Joined: Jan 13, 2006
From: las vegas
|Posted: 2007-01-26 7:26 pm  Permalink|
maybe some others have questions about this, maybe not, but it's something i want to know.
i recently aquired some antique ivory blanks. they came from an estate from the '20s. not sure what kind of ivory it is.
they're not big pieces, but big enough to do some cool stuff with. my first project is earrings (i swear i started these before BK posted his.) and i was thinking of doing a whakarehu shaped earring.
is this appropriate for women to wear? is ivory an appropriate material?
i could always do other designs.
Joined: Jan 09, 2004
From: Port Saint Lucie, Florida
|Posted: 2007-01-26 7:34 pm  Permalink|
Actually I think GMAN might know the correct people to speak with as far as being legal? Since sales of real Ivory have been banned I'm not sure what the legality is about it.
Joined: Jan 19, 2006
From: Arlingtron Virginia
|Posted: 2007-01-26 10:11 pm  Permalink|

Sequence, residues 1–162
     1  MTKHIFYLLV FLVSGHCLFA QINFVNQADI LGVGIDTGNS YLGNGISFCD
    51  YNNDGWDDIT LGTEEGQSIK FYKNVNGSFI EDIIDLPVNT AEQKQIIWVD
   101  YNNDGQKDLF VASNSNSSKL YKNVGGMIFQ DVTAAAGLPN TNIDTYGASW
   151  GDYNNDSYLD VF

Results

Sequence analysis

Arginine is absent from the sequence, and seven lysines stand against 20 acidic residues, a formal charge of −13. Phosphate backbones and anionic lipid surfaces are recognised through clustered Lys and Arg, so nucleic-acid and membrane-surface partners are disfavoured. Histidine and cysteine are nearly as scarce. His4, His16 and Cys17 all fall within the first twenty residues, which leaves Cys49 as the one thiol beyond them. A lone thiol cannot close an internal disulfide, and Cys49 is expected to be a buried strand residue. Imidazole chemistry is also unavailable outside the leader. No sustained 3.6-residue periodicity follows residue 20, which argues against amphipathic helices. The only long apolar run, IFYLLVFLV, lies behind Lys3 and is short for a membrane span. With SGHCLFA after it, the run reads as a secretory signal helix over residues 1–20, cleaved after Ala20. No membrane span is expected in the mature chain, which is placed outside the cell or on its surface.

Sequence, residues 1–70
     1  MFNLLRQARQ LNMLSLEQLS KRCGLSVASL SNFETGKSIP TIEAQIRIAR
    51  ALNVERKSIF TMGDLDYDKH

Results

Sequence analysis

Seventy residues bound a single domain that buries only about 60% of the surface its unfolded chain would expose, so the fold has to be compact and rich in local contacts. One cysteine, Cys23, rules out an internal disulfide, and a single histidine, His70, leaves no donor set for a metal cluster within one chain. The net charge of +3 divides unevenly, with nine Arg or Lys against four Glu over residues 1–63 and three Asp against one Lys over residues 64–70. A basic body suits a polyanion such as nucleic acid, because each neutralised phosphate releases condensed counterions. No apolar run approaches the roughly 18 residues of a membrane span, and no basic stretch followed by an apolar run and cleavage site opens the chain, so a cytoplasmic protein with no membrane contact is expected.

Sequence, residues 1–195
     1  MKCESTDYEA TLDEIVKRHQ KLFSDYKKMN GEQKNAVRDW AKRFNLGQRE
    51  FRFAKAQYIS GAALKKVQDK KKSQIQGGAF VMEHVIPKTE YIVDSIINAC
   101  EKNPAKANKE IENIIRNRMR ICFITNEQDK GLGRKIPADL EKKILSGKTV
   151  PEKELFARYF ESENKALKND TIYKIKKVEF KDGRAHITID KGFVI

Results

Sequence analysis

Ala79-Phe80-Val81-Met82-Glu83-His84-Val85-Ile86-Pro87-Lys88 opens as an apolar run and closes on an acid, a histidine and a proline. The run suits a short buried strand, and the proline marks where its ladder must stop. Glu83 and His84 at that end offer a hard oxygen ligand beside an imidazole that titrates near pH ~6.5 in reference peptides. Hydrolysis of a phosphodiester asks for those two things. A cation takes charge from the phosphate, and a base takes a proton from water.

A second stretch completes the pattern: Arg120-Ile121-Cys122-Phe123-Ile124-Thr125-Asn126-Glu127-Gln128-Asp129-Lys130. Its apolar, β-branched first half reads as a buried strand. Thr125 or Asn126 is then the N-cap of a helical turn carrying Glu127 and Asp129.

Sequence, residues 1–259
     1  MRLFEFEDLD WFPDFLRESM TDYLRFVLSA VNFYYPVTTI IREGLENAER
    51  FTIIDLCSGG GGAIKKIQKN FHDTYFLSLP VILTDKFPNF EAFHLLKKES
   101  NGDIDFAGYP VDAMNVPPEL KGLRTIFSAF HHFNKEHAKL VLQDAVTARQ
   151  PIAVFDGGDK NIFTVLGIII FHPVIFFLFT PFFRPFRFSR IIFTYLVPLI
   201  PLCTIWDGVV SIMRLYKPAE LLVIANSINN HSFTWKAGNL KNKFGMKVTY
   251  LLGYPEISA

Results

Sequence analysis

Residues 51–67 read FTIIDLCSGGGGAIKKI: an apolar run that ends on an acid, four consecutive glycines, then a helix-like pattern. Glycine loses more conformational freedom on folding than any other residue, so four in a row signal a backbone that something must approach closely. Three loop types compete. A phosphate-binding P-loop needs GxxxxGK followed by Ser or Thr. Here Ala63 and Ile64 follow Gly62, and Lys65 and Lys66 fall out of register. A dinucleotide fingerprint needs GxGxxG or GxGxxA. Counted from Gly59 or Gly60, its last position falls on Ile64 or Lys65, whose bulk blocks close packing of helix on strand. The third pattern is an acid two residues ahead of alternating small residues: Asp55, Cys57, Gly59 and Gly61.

Regardless, some activist might spray paint on them.
Joined: Jul 27, 2002
From: D.C. / Virginia
|Posted: 2007-01-27 07:48 am  Permalink|
Here is a website with some legal information, from a company that legally sells old pieces of ivory. They do sell raw blocks of ivory, but it is ivory that was legally brought into the country years ago.
They do mention that each state has its own laws regarding the possession and sale of wildlife products, so you should contact your own state game and wildlife agency.
Lots of interesting pictures, artwork, and hints of working with ivory. I am not a carver myself, but I found the site interesting.
Joined: Jul 14, 2005
From: My Island
|Posted: 2007-01-27 11:03 am  Permalink|
Yes, for Endangered Species Act (ESA) listed species, serious restrictions apply. There are exceptions. I rarely work with this part of the ESA but I will ask several of my friends who are Federal Agents responsible for prosecuting violators if you want me to???
"The saw is family"
[ This Message was edited by: gman 2007-01-29 07:18 ]